The U.S. Department of Justice is defending a Roman Catholic archbishop’s decision that led to the firing of a gay, married teacher ― arguing that the First Amendment bars courts from interfering in how a religious group applies its teachings.
The Justice Department’s civil rights division filed a statement of interest on Friday in a lawsuit brought by Joshua Payne-Elliott, an educator fired in June from his job at Cathedral High School, which is part of the Indianapolis archdiocese.
Payne-Elliott claims the archdiocese illegally interfered in his employment contract with Cathedral by demanding that the school fire him. The school was supportive of the teacher but faced serious repercussions ― including losing its nonprofit status, its diocesan priests and its ability to offer the Eucharist, a key Christian rite ― if it disobeyed Archbishop Charles Thompson’s mandate.
In its statement of interest, the Justice Department said that the First Amendment protects the archdiocese’s right to “interpret and apply Catholic doctrine.” The department sided with the archdiocese and requested that Payne-Elliott’s case be dismissed.
“The United States has no reason on this record to doubt that Plaintiff was an excellent teacher,” the statement reads. But the government can “cast no judgment on whether the Archdiocese’s decision is right and proper as a matter of Catholic doctrine or religious faith.”
“If the First Amendment’s Religion Clauses stand for anything, it is that secular courts cannot entangle themselves in questions of religious law,” U.S. Attorney Josh Minkler said in a press statement.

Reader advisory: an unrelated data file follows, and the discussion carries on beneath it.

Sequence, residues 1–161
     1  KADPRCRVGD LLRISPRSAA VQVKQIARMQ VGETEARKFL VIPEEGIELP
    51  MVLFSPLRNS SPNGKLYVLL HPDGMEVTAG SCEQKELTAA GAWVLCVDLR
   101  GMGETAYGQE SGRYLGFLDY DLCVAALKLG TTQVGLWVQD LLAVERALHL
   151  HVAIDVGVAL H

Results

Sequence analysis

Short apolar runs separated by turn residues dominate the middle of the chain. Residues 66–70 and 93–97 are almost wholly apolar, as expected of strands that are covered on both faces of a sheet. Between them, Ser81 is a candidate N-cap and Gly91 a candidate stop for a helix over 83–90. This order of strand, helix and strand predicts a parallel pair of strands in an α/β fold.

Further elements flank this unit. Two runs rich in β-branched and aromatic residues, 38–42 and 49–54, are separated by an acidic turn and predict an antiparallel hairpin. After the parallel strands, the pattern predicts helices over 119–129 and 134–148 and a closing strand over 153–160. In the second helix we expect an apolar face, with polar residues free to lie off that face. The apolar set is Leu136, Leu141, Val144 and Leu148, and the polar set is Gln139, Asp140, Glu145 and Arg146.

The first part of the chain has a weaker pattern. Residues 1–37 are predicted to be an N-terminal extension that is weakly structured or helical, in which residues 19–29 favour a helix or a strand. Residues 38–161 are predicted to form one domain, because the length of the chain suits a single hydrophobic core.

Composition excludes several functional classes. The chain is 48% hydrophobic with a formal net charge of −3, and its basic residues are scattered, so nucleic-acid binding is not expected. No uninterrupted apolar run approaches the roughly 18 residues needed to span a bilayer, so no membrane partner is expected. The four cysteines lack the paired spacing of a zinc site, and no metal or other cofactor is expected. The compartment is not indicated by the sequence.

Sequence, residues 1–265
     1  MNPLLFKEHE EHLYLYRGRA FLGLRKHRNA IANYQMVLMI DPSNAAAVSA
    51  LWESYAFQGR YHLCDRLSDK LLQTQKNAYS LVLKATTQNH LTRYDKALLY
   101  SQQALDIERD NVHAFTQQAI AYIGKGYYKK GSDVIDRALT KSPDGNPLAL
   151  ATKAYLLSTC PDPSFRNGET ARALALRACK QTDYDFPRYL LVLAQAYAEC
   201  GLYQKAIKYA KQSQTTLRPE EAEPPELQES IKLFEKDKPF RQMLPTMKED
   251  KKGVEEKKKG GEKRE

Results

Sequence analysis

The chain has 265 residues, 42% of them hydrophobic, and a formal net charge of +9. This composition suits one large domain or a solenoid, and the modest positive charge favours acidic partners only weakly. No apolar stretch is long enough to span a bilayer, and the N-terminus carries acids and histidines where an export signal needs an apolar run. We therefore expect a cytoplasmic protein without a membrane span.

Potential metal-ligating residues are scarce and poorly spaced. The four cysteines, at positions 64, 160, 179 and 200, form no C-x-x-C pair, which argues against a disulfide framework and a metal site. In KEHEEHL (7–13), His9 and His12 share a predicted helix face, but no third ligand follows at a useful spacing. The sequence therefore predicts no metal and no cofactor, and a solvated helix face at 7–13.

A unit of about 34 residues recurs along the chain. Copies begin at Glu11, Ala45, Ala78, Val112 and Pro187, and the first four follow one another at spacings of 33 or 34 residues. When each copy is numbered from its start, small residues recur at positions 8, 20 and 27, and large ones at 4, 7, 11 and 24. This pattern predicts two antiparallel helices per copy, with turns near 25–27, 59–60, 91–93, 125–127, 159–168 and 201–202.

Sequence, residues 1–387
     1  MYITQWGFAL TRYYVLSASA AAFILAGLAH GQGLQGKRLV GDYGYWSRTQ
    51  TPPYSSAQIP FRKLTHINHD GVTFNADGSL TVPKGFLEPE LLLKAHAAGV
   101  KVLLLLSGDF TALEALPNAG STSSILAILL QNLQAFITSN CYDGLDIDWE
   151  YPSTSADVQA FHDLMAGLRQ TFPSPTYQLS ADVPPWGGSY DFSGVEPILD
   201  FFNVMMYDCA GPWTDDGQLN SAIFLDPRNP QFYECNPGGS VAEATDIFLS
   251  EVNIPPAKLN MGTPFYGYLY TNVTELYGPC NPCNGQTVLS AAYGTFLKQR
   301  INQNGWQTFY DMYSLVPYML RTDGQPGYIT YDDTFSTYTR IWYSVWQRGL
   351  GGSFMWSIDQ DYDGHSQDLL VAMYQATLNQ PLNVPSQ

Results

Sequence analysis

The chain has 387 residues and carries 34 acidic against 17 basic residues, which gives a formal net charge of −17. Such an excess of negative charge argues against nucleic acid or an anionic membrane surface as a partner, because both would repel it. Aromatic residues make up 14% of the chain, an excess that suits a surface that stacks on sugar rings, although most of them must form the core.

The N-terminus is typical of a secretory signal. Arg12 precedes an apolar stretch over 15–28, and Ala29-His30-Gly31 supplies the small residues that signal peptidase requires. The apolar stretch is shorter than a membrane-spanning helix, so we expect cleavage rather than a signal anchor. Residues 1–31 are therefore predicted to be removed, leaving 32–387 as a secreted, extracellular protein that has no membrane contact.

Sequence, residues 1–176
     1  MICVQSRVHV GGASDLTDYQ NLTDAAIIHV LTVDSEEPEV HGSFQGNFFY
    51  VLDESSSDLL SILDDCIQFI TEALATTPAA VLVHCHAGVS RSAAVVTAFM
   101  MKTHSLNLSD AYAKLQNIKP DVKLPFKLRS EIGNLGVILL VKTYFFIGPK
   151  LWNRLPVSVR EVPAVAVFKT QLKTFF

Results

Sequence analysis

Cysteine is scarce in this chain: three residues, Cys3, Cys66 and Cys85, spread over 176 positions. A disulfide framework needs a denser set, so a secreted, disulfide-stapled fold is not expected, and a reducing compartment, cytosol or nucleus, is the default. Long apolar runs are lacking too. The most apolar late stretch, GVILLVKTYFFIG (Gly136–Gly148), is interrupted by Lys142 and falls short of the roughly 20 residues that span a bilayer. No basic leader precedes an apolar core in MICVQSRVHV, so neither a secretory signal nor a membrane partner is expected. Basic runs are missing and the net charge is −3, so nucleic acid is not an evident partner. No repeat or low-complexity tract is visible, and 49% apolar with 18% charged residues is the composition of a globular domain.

Kathleen DeLaney, Payne-Elliott’s attorney, said the case isn’t about Catholic doctrine, but rather the archdiocese’s interference in a business contract.
Payne-Elliott worked as a social studies and world language teacher from August 2006 to June 2019, according to his lawsuit. Cathedral had offered this past May to renew his teaching contract for the next school year. But in June, the school told him it was terminating his employment “at the direction of the Archdiocese.”
“My client was employed pursuant to a written contract by Cathedral High School,” DeLaney told HuffPost in an email. “The Archdiocese ― which was not his employer ― got him fired.”
Payne-Elliott’s husband works at Brebeuf Jesuit Preparatory School in Indianapolis. That school was temporarily kicked out of the archdiocese for refusing to meet Thompson’s demands that it fire him. But the Vatican earlier this week suspended the ouster, pending its consideration of an appeal of the move.
The Indianapolis archdiocese has said that it sees Catholic school teachers as “ministers” who are required to uphold church teachings, which prohibit same-sex marriages.
DeLaney said it was “highly unusual” for the Justice Department to get involved in the early stages of a single plaintiff case pending in state court with claims arising only under state law.
President Donald Trump has made protecting the religious liberties of his conservative Christian base a priority since taking office. He issued an executive order in May 2017 asking the attorney general’s office to create guidelines for all federal agencies on how to protect religious liberty while interpreting federal law. Those guidelines are mentioned in the Justice Department’s statement of interest in Payne-Elliott’s case to help explain why the federal government has a stake in this debate.
Vanita Gupta, who headed the DOJ’s civil rights division during President Barack Obama’s administration, wrote on Twitter that the department files statements of interest when it wants to make a point.
″[The Trump administration] is once again using religion as a shield against core anti-discrimination principles that protect LGBTQ people,” Gupta wrote.
Sherrilyn Ifill, president of the NAACP’s Legal Defense and Educational Fund, tweeted that the DOJ is using statements of interest to “aggressively promote an anti-civil rights agenda.”
Read the U.S. Department of Justice’s statement of interest below.
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